Slower economic growth may help to smooth upgrading of development and overcome middle-income trap
China's slowed economic pace in the first quarter, as indicated by a slight decline in its investment, export and consumption growth, is a combined result of the country's changed internal and external economic circumstances as well as its ongoing policy adjustments and economic structural rebalancing. It is also the result of some congenital defects in the country's internal economic development and a "bottleneck" effect.
China's recent economic growth has been achieved in a severe external environment, especially since March. A slew of uncertainty factors - from Japan's nuclear radiation leaks, the tumultuous political situation in Libya and the sovereign debt crises of some nations, to rising global inflation pressures and divergences in the monetary policies of various countries - have once again cast shadows over the nascent and struggling global economic recovery.
The uncertain external environment and dwindling external demand, together with all-inclusive macroeconomic policy regulation, have directly resulted in an economic decelerating in the world's second largest economy.
In a move to ease trade frictions with some of its major trading partners, China adopted a trade rebalancing strategy in the first quarter in a bid to boost imports, directly resulting in a trade deficit, its first quarterly trade deficit in six years.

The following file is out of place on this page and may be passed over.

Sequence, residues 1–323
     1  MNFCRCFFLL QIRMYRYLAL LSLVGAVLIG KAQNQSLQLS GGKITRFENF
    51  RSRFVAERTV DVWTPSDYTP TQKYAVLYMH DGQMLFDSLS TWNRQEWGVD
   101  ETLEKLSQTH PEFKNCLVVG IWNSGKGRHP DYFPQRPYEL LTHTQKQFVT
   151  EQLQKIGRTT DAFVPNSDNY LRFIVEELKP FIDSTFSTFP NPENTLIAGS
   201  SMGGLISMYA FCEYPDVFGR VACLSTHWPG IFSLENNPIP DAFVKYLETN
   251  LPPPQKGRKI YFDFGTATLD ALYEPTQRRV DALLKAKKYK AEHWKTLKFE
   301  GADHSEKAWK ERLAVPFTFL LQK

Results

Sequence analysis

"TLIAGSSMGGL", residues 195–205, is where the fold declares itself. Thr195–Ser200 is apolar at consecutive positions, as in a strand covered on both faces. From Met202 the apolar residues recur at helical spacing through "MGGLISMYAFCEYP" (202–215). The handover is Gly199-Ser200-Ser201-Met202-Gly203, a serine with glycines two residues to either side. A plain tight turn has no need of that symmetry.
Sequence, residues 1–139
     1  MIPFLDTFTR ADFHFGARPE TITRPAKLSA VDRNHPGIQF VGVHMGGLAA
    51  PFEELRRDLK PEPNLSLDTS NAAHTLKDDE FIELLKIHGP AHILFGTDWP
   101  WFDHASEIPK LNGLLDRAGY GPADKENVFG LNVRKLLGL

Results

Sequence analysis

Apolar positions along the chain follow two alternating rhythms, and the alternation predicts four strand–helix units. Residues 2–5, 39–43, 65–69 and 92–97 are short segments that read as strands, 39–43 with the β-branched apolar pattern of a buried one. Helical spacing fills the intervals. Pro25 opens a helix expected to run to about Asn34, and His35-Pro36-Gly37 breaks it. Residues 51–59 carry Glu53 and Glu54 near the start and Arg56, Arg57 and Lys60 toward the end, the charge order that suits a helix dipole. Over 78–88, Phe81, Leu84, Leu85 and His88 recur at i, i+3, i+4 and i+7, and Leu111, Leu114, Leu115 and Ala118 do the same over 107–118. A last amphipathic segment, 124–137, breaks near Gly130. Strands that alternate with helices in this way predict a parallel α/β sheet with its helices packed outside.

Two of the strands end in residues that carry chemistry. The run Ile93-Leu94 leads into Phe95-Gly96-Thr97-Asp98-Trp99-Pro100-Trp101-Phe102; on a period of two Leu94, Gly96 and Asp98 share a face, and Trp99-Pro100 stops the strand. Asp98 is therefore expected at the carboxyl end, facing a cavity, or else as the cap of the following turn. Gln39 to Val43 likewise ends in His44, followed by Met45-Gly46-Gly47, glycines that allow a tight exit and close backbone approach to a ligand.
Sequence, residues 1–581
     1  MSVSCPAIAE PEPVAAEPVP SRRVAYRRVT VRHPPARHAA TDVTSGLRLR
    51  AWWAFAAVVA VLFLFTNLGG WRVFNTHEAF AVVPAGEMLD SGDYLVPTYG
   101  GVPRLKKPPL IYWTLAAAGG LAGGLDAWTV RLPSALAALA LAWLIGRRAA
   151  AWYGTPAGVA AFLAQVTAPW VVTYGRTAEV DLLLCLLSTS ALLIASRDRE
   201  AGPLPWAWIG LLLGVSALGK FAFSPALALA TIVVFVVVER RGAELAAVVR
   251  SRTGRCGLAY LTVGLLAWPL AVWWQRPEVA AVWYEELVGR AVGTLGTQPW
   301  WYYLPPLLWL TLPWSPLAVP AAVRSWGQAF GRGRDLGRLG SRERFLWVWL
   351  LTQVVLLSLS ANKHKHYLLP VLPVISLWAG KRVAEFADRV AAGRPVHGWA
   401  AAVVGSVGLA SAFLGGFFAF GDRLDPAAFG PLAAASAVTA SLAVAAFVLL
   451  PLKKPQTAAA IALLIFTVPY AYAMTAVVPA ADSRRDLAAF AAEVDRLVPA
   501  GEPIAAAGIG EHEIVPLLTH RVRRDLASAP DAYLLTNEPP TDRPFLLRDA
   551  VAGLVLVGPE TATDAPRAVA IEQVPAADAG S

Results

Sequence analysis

At the same time, the adoption of a tighter monetary policy has played a big role in the decline in its investment growth rate. The strict measures to rein in the real estate sector, whose investment accounts for nearly a quarter of the country's total fixed assets investment and whose value accounts for about 6 percent of its GDP, also helped.
The growth rate of consumption has also slowed in recent months. Statistics show that the retail value of China's consumer goods grew by 16.3 percent in March from a year earlier, gaining 0.5 percentage points on the previous two months. But the figure was still 1.6 percentage points lower than the same period in 2010 and is actually much lower if the 5 percent quarterly inflation rate is taken into account.
The dampened demand in the real estate and auto sectors has contributed a lot to the decline of China's domestic consumption in the past few months.
In addition, the accumulated effects of the country's monetary policies are likely to produce some substantial influence on the country's future economic growth. China's central bank has raised reserve requirements for domestic commercial banks nine times since last year, bringing their reserve ratio to a record 20 percent.